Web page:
Praying for Saul

You are a young woman in a smoldering town. Clinging to your robes are your beloved children. Your husband was just killed for refusing to bow down to the militants who are pointing guns at you now. 

They are demanding that you renounce your faith in Jesus Christ of the Cross and praise Allah. Your life and that of your children are forfeit if you do not. But, you know the truth. Your life is forfeit even if you do cave. As a woman, you will be raped to the point you crave death. Then, to make an example of you, these Enemies of the Cross will either strap a bomb to your chest or that of your children, and send you to a crowded mall to tear apart the fabric of society. Your children will not escape just because you renounce your Savior. They will be raped, beaten, and given guns to kill others. Perhaps like that poor woman from the town next to your’s, the last thing you will see is your precious son pulling the trigger of that rifle and ending your life. 

You refuse to cave. 

Kissing the faces of your beautiful children, you tell them to be strong. That God loves them and that you do too. You look into the eyes of the vicious leader of the pack, and see the eyes of the handsome young man who walked 10 miles to flirt with your cousin. Neighbors and old friends are in this group of ISIS soldiers, people who frequented your husband’s shop and broke bread with you. Now their hands ran red with the blood of their friends while their eyes raged hate. 

Quoting your Savior, you pray in a loud voice that seems to be amplified, “Father, forgive them, for they do not know what they do.” Looking at these men who you once knew to be gentle friends, you say with a smile filled with peace, “I forgive you. The God of the Cross loves you more than you can hate. You may kill me, but he will still love you. I pray you find him soon.”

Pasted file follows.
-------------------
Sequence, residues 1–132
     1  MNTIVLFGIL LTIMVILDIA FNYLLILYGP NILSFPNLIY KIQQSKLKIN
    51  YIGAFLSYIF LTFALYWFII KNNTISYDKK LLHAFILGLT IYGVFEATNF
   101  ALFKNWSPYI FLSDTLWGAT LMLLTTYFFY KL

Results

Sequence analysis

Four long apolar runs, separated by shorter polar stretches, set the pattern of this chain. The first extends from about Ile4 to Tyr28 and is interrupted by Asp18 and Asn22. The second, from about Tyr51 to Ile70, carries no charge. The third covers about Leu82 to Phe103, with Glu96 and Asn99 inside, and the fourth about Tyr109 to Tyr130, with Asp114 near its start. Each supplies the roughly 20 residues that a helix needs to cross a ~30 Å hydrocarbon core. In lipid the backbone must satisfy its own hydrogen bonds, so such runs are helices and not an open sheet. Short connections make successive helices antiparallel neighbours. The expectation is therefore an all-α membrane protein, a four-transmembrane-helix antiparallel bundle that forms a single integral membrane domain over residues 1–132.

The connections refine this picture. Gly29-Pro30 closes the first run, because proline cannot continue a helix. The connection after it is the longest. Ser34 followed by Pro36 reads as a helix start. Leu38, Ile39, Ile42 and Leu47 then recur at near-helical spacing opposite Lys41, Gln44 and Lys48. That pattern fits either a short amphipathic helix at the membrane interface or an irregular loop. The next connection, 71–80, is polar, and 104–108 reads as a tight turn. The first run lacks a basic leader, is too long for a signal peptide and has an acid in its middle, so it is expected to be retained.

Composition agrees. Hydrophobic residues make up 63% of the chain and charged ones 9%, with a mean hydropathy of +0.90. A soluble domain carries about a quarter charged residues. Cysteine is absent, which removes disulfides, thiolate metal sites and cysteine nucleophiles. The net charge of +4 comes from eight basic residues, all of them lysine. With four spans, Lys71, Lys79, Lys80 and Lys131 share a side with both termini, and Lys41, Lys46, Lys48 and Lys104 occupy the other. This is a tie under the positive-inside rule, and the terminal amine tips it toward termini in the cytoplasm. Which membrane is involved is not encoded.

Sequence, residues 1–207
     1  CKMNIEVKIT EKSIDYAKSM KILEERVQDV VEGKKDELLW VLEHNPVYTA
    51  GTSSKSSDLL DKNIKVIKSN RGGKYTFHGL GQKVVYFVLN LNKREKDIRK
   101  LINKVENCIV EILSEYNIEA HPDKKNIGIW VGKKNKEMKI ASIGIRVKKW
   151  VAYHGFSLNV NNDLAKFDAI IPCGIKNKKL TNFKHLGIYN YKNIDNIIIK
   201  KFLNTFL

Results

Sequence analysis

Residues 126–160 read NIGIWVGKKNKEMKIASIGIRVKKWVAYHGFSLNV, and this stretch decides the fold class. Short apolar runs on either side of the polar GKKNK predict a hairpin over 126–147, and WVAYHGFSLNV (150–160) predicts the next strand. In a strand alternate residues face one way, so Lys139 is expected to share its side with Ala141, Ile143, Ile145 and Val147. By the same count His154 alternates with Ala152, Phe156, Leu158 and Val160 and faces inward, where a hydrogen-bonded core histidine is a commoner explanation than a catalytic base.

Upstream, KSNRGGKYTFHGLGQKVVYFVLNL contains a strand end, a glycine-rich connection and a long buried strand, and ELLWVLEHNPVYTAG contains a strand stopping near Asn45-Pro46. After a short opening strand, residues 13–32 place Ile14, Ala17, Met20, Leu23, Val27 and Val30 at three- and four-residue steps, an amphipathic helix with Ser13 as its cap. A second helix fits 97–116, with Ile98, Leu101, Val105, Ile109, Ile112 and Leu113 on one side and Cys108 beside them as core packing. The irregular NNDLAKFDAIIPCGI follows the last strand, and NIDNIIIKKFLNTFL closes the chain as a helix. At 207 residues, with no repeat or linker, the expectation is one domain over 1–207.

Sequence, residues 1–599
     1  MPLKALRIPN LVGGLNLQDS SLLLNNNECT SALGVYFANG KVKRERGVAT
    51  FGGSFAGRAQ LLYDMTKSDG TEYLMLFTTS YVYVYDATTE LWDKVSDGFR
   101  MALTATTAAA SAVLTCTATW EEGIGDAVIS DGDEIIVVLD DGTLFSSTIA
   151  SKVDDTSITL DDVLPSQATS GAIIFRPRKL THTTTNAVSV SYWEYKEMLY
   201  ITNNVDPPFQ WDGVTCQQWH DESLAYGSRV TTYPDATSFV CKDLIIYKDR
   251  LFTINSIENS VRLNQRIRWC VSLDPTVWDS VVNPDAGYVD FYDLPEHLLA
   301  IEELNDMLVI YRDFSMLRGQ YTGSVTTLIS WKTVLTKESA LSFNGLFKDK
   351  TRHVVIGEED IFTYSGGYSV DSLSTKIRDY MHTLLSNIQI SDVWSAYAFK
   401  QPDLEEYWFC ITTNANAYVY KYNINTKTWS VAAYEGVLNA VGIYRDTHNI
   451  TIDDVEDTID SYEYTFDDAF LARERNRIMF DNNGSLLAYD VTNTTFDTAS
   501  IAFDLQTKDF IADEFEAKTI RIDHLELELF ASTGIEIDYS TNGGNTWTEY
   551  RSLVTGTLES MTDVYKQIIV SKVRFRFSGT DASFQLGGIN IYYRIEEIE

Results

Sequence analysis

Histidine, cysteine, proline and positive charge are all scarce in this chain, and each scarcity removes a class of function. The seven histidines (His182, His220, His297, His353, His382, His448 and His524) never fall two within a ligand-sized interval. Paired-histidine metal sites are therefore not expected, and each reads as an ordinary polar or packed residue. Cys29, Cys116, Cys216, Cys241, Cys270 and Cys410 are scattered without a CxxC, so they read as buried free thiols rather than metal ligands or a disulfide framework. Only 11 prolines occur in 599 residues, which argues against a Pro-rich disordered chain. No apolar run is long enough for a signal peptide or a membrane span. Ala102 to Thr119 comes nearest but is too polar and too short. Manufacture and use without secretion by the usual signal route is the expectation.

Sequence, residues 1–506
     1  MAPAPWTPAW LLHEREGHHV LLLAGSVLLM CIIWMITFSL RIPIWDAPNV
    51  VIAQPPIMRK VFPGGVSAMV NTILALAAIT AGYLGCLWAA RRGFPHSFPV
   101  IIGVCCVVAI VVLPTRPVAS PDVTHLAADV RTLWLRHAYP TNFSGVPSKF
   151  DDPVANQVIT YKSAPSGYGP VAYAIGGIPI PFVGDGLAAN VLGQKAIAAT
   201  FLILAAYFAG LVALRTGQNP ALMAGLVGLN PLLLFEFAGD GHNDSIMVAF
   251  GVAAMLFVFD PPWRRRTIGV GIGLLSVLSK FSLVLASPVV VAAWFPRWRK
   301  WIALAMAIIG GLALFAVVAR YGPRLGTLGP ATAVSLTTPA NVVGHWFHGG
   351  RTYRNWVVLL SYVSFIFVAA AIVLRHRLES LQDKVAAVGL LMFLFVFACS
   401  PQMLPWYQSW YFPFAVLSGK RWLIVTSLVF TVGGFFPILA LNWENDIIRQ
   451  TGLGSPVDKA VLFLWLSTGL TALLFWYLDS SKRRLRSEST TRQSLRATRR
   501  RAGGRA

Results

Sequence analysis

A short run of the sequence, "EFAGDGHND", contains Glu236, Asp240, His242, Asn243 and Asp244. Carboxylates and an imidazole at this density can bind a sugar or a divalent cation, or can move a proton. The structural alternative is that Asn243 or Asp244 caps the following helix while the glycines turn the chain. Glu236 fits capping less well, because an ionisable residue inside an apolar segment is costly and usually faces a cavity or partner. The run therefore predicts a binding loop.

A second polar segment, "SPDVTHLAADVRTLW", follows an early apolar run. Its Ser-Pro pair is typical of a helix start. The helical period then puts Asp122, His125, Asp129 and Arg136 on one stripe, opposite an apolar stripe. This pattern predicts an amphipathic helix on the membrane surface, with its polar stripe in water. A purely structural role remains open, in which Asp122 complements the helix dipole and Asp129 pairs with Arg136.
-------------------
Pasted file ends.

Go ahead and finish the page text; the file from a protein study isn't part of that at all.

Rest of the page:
The bullets ring out from the man’s gun, and your last thought is that you and your children will be standing in front of God before your bodies will even hit the ground. While hate may have taken your bodies, it didn’t take your faith. 

What is your first reaction to this fictional story? It is hard to read, probably as hard as it was to write. This story, while not based on actual first hand accounts, is similar to what is happening in the Middle East wherever the Islamic State of Iraq and Syria  (ISIS) soldiers go. Centuries old Christian towns are being razed to the ground, Christians are being forced to renouncing their faith or being killed, many times they are still being killed.